Thursday, 5 May 2016

Holy Communion - what is happening depends on conviction

Within the Anglican communion there are both Catholics and Protestants with the views of the nature of Holy Communion that you would associate with each of those.

The Catholics believed in the real and mystical presence of Christ in the bread and wine - so long as the Mass was conducted properly by a priest who has been ordained in a direct lineage from the Apostles. The Protestants regard Holy Communion as a memorial meal.

I used to attend an Anglo Catholic church for a short Mass at least once a week, and found the service and the actual taking of bread and wine very effectual: my feelings validated my own belief and that of those who conducted the service. Later I attended a Protestant (Evangelical) Anglican church and found that the Holy Communion was... mildly pleasant but inessential: my feelings validated the beliefs of those who conducted the service.

It seems to me that with Holy Communion, as a broad generalization, you get what you sincerely want and believe; if it is 'taken fully seriously' - as Anglo Catholics used to do (before most of them liberalized/ secularized), it is a renewal and a mystical communion. If you think of it as an optional-extra - the Lord's Supper performed, infrequently, simply because the Bible tells us to do it; then it functions as a memorial, but lacks any mystical aspect.

It seems to me that our hearts can discern these truths.

Once, not long after my conversion - and before I had recognized and rejected the anti-Christianity dominant in the Church of England, I participated in a Holy Communion conducted by a priestess. I wasn't thinking or worrying abut it, it was mostly experienced as a fairly normal service (for that church) until I took the bread and wine; at which point I was shocked by a powerful sense of wrongness.

That was, in fact, the exact moment when I became aware that women were not priests and that it was wrong to assert that they were priests - and that therefore I must stop prevaricating and delaying and 'sitting on the fence - must pick-my-side in the great Christian disputes of our era.

Because I currently attend a Protestant church, I seldom nowadays participate in Holy Communion; and when I do find myself indifferent to it (the 20 minute sermon is the focus of the service - whereas there was no sermon in the short Masses I used to attend); and I miss Mass.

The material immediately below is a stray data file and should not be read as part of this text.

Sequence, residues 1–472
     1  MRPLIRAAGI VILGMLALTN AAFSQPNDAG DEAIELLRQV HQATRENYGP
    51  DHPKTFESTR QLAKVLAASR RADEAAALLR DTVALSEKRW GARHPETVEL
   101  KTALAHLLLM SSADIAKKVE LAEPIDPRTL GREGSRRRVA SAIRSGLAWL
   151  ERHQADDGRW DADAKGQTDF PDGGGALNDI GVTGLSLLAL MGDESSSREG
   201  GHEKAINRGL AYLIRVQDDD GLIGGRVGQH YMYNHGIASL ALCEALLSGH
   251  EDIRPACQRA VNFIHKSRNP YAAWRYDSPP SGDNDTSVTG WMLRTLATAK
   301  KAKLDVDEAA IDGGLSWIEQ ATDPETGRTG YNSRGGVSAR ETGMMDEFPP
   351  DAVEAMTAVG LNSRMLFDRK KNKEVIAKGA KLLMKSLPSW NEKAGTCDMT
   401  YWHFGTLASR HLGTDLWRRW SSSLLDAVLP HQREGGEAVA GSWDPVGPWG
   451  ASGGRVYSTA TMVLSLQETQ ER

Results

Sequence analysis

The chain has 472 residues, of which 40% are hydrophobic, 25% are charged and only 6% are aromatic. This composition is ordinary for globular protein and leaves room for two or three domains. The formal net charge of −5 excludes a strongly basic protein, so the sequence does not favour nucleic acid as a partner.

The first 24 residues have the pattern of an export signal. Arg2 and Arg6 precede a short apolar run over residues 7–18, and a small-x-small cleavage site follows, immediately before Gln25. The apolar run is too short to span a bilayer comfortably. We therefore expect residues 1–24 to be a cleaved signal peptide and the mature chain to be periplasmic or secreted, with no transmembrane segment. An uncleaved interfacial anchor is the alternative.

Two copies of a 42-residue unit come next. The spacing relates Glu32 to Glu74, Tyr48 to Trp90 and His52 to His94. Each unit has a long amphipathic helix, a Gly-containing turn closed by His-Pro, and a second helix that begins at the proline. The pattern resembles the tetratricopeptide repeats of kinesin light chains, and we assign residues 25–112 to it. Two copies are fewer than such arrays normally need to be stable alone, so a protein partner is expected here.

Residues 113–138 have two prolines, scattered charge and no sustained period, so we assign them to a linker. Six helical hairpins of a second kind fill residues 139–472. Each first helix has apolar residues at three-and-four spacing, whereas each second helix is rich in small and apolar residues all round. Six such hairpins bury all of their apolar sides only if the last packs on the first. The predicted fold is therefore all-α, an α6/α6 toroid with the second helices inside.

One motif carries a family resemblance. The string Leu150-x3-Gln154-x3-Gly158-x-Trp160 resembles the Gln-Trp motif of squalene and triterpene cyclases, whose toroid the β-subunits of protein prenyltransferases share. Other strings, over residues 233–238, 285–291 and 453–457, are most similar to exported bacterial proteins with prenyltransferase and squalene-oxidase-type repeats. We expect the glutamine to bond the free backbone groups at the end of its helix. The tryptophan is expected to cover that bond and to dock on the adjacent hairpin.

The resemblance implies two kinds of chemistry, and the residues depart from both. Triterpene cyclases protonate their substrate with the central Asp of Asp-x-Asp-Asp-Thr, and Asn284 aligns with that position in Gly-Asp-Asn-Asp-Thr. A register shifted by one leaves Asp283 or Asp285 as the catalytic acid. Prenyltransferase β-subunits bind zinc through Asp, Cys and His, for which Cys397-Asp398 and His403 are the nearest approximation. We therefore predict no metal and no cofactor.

But it is interesting that I reached a view on the validity of Mass by means of a very 'Protestant' exercise of individual conscience! I find a 'real' Mass objectively valuable to theosis, but Mass is not objectively necessary to salvation.

This may be supposed to be self-contradictory - that I would personally and subjectively evaluate the (small c) catholic church as objectively valid... but to me it seems obvious that this is how things are and ought to be. In a world created by God our loving Father for our benefit: honest, heart-felt understandings will converge upon truth.


Wm Jas Tychonievich said...

It's probably for the best that you've never experienced the Mormon version of Communion -- white bread and tap water blessed and administered by teenage boys. (I don't mean to denigrate the Mormon sacrament, only to say that it is about as un-Catholic as you can get.)

Bruce Charlton said...

@WmJas - The Anglo Catholics (and indeed most Anglicans) use wafers of unleavened 'bread' (tasteless and very difficult to swallow, sometimes even difficult to chew having been stamped with the cross symbol), otherwise 'wrapped white pap' seems to be the norm. In sum, the nature of the bread is not a factor in the impact of the communion meal.

The only time I had decent quality bread was at Russian/ Greek Orthodox services where they had a crusty loaf torn into chunks - it is the Orthodox tradition to feed the (fasting) congregation on the blessed bread left-over after communion has been taken - even the unbaptized/ unchrismated (such as myself) are encouraged to participate.

As for wine - it is possible that the potent wine used in most communion meals, acting on an empty stomach, may *partially* explain the psychological effect of Anglo Catholic/ traditional Anglican Eucharist... of course traditional (pre Vat II) Roman Catholic laity don't partake of the wine.

Chent said...

"The Anglo Catholics (and indeed most Anglicans) use wafers of unleavened 'bread'"

And Catholics too. If I have understood well, ancient Jews used unleavened bread for the Passover meal too. I think it's in the Bible. (Exodus 12:15)